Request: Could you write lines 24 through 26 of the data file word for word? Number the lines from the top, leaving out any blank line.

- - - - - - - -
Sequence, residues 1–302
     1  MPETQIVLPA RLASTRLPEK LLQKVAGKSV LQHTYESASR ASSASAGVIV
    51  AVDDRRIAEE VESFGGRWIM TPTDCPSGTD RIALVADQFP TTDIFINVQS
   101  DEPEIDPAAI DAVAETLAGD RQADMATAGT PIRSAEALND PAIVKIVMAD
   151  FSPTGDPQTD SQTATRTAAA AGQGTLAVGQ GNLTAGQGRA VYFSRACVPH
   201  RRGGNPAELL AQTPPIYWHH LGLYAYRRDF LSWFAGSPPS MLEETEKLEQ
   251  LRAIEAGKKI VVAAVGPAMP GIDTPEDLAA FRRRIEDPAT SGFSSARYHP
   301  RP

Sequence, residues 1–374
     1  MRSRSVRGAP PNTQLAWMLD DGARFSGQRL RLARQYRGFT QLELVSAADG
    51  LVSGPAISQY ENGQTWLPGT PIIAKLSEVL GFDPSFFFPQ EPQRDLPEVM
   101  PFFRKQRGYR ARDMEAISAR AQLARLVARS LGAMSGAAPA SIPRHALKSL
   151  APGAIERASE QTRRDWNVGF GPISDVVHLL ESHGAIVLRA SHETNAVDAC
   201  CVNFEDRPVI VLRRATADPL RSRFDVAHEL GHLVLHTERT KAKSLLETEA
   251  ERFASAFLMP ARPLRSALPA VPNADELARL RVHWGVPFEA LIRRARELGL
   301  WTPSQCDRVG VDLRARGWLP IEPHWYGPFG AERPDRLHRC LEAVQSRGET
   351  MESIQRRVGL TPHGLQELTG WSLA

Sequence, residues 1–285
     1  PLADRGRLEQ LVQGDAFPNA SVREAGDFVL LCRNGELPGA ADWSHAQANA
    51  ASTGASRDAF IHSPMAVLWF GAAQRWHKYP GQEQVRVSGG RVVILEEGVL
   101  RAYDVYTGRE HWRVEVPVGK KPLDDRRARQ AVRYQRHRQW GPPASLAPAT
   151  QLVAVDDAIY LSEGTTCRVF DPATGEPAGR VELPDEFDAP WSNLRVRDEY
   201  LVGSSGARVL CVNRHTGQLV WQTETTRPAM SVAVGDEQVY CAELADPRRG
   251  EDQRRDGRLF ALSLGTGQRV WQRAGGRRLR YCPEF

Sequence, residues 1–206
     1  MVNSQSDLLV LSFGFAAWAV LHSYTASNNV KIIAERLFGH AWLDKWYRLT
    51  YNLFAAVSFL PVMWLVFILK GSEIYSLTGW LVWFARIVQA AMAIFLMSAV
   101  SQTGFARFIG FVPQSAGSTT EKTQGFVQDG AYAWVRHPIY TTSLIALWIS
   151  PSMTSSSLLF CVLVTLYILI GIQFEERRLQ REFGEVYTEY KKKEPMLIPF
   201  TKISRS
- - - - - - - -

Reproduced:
   251  EDQRRDGRLF ALSLGTGQRV WQRAGGRRLR YCPEF

Sequence, residues 1–206
     1  MVNSQSDLLV LSFGFAAWAV LHSYTASNNV KIIAERLFGH AWLDKWYRLT